Stackelberg vs. Nash in Security Games: An Extended Investigation of Interchangeability, Equivalence, and Uniqueness


Dmytro Korzhyk, Zhengyu Yin, Christopher Kiekintveld, Vincent Conitzer, and Milind Tambe. 2011. “Stackelberg vs. Nash in Security Games: An Extended Investigation of Interchangeability, Equivalence, and Uniqueness .” Journal of AI Research (JAIR), 41, Pp. 297-327.


There has been significant recent interest in game theoretic approaches to security, with much of the recent research focused on utilizing the leader-follower Stackelberg game model; for example, these games are at the heart of major applications such as the ARMOR program deployed for security at the LAX airport since 2007 and the IRIS program in use by the US Federal Air Marshals (FAMS). The foundational assumption for using Stackelberg games is that security forces (leaders), acting first, commit to a randomized strategy; while their adversaries (followers) choose their best response after surveillance of this randomized strategy. Yet, in many situations, the followers may act without observation of the leader’s strategy, essentially converting the game into a simultaneous-move game model. Previous work fails to address how a leader should compute her strategy given this fundamental uncertainty about the type of game faced. Focusing on the complex games that are directly inspired by real-world security applications, the paper provides four contributions in the context of a general class of security games. First, exploiting the structure of these security games, the paper shows that the Nash equilibria in security games are interchangeable, thus alleviating the equilibrium selection problem. Second, resolving the leader’s dilemma, it shows that under a natural restriction on security games, any Stackelberg strategy is also a Nash equilibrium strategy; and furthermore, the solution is unique in a class of security games of which ARMOR is a key exemplar. Third, when faced with a follower that can attack multiple targets, many of these properties no longer hold. Fourth, we show experimentally that in most (but not all) games where the restriction does not hold, the Stackelberg strategy is still a Nash equilibrium strategy, but this is no longer true when the attacker can attack multiple targets. These contributions have major implications for the real-world applications. As a possible direction for future research on cases where the Stackelberg strategy is not a Nash equilibrium strategy, we propose an extensive-form game model that makes the defender’s uncertainty about the attacker’s ability to observe explicit.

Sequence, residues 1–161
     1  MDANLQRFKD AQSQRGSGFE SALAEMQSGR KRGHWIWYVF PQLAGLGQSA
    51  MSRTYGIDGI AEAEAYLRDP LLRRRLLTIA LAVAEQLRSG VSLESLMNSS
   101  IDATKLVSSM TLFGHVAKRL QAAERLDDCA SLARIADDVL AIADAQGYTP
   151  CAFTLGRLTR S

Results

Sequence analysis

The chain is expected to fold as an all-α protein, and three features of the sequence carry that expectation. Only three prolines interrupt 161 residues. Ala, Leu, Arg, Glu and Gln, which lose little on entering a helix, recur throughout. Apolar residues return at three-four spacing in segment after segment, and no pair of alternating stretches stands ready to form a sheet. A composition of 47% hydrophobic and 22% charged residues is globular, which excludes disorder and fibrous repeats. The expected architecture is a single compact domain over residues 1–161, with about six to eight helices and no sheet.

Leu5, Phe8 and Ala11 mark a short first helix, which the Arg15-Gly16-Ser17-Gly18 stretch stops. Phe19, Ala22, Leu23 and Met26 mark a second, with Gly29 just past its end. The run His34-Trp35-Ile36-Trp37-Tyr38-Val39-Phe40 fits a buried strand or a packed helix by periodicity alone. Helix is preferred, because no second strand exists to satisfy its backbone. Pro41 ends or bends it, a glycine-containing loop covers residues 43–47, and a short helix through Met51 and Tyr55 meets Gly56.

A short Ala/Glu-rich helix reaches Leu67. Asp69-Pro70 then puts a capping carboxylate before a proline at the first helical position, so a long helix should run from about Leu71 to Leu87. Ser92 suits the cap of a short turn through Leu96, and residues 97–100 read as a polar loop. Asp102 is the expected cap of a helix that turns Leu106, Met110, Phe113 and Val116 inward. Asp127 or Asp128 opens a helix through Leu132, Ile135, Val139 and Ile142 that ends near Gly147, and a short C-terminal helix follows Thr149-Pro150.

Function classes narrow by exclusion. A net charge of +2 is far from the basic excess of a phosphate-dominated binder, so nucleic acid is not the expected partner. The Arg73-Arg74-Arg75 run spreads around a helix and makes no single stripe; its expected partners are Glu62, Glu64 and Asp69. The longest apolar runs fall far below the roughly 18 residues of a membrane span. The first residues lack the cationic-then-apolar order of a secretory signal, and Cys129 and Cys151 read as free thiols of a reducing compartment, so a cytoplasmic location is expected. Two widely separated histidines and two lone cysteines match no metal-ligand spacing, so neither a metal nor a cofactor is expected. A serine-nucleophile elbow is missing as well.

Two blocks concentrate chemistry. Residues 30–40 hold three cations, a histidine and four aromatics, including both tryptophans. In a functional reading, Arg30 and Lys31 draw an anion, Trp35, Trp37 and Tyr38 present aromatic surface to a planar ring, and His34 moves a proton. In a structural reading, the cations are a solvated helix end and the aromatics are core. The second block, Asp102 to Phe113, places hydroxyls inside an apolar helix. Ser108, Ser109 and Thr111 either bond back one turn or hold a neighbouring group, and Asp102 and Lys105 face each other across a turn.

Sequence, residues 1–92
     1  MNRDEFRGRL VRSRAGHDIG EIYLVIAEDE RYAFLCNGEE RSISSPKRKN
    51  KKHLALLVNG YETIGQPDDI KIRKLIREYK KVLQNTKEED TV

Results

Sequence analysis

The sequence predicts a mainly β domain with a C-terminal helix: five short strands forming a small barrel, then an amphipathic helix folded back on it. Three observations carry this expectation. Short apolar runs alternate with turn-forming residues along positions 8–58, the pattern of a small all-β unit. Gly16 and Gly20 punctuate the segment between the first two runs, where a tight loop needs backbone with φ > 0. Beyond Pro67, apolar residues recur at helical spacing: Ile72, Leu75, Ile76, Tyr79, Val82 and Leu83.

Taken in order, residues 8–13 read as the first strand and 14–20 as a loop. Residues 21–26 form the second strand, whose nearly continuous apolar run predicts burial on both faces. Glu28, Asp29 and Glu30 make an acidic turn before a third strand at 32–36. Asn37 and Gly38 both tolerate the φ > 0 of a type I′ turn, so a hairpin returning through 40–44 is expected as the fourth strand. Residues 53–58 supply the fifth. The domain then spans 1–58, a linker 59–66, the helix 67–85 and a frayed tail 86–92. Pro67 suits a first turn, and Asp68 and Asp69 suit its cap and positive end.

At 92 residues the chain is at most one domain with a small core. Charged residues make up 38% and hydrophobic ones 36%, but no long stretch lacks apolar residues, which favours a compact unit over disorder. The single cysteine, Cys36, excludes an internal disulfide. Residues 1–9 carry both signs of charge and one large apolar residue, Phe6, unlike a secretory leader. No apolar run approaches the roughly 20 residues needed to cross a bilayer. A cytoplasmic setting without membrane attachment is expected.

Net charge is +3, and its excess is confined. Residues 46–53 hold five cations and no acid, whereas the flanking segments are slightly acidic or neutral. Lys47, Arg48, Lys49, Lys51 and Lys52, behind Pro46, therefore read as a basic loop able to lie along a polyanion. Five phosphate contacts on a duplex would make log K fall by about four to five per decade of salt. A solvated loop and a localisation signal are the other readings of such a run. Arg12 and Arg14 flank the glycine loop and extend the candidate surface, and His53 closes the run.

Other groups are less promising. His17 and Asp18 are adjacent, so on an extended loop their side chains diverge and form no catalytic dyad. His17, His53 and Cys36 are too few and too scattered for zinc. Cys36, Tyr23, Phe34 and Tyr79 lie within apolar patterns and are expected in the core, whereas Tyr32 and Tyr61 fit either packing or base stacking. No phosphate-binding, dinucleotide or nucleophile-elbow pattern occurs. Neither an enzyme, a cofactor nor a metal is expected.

See also: 2011